This has eaten deeply into society’s mind that anybody who is quite far from that projected ideal is shamed. The advent of social media which has as a feature, its interactive nature, makes matters even worse.

I am lucky, someone came to my rescue, but what about the girls who don’t have anyone, like Harriet, a level 100 student of the University of Ghana, who was body shamed by a celebrity on social media?

There was a time her photo ended up on the internet after a school engagement and a very well-known celebrity who for the sake of Harriet, I will not name here.

“One time in SHS, a campus web group came around to talk and interview us, after the engagement we took photos. Our school uniform was sleeveless, so it showed my arm, so we took the pictures but my arm looked slightly bigger than rest of the girls, slightly different from how ladies’ arms look like, especially for my size. My arms are a bit muscular.

“One celebrity made a comment on that, and this is what she said; ‘when she [Harriet] slaps you with these hands, you are definitely going to die.’ I didn’t know about it until my friends showed me. People were laughing at me. Most of them didn’t know what I was going through. I cried,” she said.

Harriet who was body shamed by her aunt as a child used to avoid family gatherings and photo shoots because of the judgement about looks.It was so intense that she resorted to dressing in the bathroom to avoid undressing or dressing in front of anyone.

“I actually body shamed myself and it was because of the impression people made on me and the comment I was receiving from people. It all began when I was between the ages of 10 and 12, there was this moment I was talking to my mom and aunty, and my aunt passed a comment like ‘Eiiii, you are growing ooo won’t you hurry up and grow some breasts? It was so shaming. From that point, I couldn’t undress in front of my mum, because I was afraid she might think there’s something wrong with me, I wasn’t even comfortable around my sisters,” she said.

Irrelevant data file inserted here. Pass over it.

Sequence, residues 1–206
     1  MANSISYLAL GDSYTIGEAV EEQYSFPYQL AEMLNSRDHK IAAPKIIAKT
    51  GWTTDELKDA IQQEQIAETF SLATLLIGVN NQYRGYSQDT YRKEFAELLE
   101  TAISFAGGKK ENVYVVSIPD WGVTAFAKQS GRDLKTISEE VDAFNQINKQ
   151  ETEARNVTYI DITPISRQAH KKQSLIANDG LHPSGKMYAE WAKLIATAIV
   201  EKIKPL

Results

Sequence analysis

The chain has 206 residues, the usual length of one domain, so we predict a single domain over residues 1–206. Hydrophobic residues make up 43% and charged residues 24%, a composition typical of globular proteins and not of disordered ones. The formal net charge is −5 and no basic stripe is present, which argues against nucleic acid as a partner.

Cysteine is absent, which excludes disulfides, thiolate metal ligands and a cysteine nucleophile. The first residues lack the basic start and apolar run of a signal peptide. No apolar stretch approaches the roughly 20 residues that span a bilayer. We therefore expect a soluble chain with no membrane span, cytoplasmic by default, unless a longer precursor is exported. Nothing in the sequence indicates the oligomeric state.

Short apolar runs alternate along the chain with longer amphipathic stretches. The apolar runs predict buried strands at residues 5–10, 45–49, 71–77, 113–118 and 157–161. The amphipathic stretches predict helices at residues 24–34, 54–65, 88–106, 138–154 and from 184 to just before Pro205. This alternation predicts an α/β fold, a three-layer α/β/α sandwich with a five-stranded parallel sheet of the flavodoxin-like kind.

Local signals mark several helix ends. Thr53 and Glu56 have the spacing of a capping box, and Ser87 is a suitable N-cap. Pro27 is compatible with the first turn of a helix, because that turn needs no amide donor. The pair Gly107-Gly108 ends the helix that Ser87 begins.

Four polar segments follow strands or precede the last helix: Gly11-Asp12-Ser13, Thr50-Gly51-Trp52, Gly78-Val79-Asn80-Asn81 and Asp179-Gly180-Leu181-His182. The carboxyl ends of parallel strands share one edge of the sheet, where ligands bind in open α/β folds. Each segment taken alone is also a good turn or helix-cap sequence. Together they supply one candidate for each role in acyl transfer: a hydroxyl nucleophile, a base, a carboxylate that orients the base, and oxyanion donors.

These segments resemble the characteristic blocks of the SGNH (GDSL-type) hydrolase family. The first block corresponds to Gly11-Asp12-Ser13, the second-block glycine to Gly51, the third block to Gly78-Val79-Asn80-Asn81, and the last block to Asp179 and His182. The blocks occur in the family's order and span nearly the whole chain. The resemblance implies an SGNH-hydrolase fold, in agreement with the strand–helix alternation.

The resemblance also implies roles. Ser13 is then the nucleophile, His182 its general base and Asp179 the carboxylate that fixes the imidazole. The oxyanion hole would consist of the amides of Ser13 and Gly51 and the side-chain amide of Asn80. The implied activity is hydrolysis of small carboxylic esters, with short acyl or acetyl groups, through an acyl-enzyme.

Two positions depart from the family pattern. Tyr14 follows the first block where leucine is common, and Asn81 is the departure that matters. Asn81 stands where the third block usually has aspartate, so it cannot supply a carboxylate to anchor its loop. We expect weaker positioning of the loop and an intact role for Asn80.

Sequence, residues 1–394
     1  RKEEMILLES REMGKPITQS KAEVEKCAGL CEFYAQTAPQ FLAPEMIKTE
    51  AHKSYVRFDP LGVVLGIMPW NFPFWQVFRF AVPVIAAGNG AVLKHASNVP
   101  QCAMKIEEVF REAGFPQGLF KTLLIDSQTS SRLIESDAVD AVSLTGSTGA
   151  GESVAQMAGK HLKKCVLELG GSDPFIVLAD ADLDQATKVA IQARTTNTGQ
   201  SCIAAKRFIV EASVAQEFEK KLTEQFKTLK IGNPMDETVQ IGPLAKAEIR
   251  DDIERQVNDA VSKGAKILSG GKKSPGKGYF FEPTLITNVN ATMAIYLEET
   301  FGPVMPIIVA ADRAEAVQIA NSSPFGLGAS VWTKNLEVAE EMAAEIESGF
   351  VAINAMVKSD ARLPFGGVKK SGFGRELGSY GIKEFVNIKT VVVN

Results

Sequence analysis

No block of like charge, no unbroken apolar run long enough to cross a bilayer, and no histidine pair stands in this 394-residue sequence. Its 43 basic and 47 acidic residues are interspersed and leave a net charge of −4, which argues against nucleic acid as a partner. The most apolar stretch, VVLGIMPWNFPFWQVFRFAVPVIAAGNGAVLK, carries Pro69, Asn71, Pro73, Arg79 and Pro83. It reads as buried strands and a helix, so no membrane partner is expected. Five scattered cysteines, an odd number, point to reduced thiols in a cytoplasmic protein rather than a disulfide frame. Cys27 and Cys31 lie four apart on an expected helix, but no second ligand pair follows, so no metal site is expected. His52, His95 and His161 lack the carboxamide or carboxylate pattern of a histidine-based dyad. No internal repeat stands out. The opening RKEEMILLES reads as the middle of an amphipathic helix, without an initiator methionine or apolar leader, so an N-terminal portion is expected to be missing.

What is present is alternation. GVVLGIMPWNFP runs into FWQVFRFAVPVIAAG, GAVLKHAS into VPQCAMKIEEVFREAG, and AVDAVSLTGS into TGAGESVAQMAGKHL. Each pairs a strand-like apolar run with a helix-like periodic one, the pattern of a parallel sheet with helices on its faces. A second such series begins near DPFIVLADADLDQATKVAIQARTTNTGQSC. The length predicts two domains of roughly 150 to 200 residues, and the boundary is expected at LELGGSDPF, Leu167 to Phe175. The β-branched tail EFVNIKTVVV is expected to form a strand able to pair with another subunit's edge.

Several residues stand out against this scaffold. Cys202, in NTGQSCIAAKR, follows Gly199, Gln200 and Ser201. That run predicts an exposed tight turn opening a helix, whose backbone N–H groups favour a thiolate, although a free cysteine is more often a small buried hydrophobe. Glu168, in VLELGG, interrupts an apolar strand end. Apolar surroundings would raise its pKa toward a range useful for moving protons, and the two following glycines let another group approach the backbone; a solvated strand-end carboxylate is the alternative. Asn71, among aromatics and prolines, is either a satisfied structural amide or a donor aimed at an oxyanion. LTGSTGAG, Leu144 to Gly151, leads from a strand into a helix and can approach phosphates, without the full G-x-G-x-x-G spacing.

All ten and more students I interviewed for this piece told me they had experienced some form of body shaming.

But the saddest thing is the fact that there are no avenues for people to dealing with body-shaming to seek help. Most of the students rely on their friends who most at times don’t know what to say or how to help them.

According to Dr. Selassi Addom, a psychiatrist at the Korle Bu Teaching Hospital, extreme body shaming doesn’t only lead to depression, eating disorders but suicide, in the worst case scenario.

“Body Shaming can lead to emotional problems, like depression and anxiety and also eating disorder, body shaming can make people depressed to the point of suicide but most of the time it comes with other issues as well because people might have other social and emotional problems already,” she said.

Dr. Addom said psychotherapy can help people to deal with the adverse effects of body shaming, adding that it is important for people going through emotional stress to see a psychologist.

It is important to have broader conversations about body shaming which begins with how people talk about other people’s bodies on and offline.  Maybe, schools could train teachers to spot the kind of bullying that occurs in their classrooms.

Most importantly, people must know that what a person looks like should never be the centre of a funny post or discussion. People shouldn’t seek internet fame at the expense of someone’s emotions, value, self-confidence and self-love.


Columnist: Farida Yusif (Citinewsroom)